Clarke, James (1982) Calhoun and the concept of the "reactionary enlightenment": an examination of the disquisition on government. Doctoral thesis, Keele University.

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Abstract

In the 1950s, Louis Hartz drew attention to the curiously paradoxical nature of antebellum Southern political thought by coining the descriptive phrase the "Reactionary Enlightenment". The essence of the paradox lay in the apparent impossibility of combining a coherent defence of human slavery with the prevailing ethos of liberal political theoryp represented most succinctly by the political values of John Locke, which Americans had been importing throughout the course of the eighteenth century, and to which they had become ideologically attached during the Revolutionary period. The Southp arguably the most liberal region of the nation in the 1780s and 1790s, became increasingly intolerant and authoritarian in response to repeated abolitionist attacks from the 1830s onwards though the pervasiveness of their former liberal convictions proved to be a straitjacket on their mental processes, preventing Southern thinkers, like Calhoun, from transcending the liberal thought patterns they had inherited and from fabricating a convincing and meaningful defence of slavery.
The following study is an attempt to evaluate the usefulness of the "Reactionary Enlightenment" concept as a categorical paradigm of Calhoun's Disquisition on Government. In Part One, we shall be concerned with preliminary methodological questions (chapter one), and external details concerning the composition of the text, including Calhoun's intended audience (Chapter Two). Part Two is entirely devoted to the task of clarifying the possible senses in which the Disquisition may be said to belong to the "Reactionary Enlightenment". The procedure followed is to identify the basic features of the Enlightenment style, and to distinguish those components of the Disquisition which conform most nearly to them. Thus, we shall be examining Calhoun's philosophical method, his religious attitudes his concept of human nature and his idea of progress. In the penultimate chapter we shall examine the most original of Calhoun's contributions to political theoryt the idea of the concurrent majority. The central argument of the study is that while Calhoun attempts to defend values which may be termed reactionary, he does so by utilising the apparatus of liberal discourse, and this acccounts for much of the appearance of inconsistency in his political theory.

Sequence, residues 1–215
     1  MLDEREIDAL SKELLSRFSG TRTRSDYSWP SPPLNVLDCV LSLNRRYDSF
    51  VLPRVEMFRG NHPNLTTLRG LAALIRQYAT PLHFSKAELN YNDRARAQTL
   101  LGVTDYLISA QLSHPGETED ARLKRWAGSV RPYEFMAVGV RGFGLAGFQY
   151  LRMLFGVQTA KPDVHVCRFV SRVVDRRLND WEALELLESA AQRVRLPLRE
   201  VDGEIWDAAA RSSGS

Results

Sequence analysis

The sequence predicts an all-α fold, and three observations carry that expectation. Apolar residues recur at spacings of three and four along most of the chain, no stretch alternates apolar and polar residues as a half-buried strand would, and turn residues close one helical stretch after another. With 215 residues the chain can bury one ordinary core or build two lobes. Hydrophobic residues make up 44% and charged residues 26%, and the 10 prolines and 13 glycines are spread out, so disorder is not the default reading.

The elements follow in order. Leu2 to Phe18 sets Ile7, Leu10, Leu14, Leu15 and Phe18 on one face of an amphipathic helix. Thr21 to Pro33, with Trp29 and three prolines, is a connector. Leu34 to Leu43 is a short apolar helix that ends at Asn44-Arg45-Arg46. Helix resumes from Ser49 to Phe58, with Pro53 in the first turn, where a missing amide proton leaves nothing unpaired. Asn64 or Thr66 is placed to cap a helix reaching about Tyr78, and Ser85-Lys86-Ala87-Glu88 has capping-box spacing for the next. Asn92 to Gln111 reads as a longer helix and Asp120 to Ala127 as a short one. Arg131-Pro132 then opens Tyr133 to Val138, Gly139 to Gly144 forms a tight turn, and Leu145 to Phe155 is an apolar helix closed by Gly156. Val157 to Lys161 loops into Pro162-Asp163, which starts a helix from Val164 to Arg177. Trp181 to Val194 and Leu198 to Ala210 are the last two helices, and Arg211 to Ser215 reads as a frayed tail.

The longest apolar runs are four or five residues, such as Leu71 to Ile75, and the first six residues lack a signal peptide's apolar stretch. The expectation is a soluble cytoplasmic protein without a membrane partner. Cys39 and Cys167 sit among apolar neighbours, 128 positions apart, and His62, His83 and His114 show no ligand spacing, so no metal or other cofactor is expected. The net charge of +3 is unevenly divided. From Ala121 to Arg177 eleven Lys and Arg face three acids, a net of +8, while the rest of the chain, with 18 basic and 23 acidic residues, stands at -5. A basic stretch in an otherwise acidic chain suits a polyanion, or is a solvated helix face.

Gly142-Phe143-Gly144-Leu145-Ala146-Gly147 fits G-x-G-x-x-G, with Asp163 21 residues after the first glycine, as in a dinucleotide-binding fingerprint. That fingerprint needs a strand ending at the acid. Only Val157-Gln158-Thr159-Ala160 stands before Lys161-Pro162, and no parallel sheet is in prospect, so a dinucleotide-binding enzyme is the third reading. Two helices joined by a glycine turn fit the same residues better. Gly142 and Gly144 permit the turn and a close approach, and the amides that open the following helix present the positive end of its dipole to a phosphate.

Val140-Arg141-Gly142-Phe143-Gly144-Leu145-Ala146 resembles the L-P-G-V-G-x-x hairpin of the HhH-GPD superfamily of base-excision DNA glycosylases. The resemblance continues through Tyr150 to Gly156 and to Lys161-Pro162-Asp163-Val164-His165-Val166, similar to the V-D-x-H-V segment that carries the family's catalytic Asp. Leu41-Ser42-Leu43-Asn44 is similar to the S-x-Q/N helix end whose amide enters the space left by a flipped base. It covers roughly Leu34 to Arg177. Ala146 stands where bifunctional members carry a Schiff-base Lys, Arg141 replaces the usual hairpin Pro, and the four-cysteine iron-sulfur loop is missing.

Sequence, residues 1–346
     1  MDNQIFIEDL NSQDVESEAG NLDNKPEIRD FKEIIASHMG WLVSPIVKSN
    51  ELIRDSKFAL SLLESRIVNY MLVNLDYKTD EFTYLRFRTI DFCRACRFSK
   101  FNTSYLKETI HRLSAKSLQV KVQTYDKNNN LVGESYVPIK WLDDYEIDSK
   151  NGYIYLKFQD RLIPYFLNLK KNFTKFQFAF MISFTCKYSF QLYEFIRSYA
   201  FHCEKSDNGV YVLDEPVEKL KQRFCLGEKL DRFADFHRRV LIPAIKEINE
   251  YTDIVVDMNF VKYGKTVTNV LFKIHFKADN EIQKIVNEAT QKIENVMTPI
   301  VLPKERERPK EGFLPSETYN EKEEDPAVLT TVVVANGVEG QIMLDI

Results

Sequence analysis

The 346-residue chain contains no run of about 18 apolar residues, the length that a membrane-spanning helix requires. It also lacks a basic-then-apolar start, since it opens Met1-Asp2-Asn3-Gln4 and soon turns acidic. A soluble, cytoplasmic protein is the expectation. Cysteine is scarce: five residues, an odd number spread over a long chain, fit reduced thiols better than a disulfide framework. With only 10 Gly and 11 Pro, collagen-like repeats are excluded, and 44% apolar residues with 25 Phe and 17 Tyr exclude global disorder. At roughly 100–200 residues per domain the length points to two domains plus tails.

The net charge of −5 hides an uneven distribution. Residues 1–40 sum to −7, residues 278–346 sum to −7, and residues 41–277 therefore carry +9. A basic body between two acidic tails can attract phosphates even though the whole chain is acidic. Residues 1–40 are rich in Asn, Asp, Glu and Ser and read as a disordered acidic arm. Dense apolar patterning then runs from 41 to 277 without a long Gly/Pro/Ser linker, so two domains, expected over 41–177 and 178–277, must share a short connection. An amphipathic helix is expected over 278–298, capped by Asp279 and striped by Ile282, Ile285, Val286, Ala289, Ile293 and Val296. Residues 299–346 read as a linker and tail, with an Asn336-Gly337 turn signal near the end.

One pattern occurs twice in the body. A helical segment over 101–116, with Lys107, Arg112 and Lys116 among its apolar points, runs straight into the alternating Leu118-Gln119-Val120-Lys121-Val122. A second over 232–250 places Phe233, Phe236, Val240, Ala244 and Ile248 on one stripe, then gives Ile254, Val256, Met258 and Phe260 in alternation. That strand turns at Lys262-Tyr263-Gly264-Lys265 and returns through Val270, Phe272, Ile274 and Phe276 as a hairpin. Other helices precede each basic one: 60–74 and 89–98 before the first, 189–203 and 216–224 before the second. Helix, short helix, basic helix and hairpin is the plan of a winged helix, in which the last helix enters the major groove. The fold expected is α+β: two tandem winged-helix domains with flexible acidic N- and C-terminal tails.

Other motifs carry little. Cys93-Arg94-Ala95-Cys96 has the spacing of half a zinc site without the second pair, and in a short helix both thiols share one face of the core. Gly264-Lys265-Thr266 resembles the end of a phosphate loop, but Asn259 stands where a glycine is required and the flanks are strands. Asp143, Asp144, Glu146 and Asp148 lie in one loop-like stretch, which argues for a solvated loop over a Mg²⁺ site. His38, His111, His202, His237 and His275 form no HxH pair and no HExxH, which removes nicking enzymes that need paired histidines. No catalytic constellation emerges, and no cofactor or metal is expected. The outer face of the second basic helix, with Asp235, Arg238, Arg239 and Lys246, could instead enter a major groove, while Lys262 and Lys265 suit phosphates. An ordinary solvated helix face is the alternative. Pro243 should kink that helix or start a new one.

Item Type: Thesis (Doctoral)
Subjects: E History America > E11 America (General)
Divisions: Faculty of Humanities and Social Sciences > School of Humanities
Depositing User: Lisa Bailey
Date Deposited: 15 Oct 2019 10:43
Last Modified: 15 Oct 2019 10:43
URI: https://eprints.keele.ac.uk/id/eprint/7035

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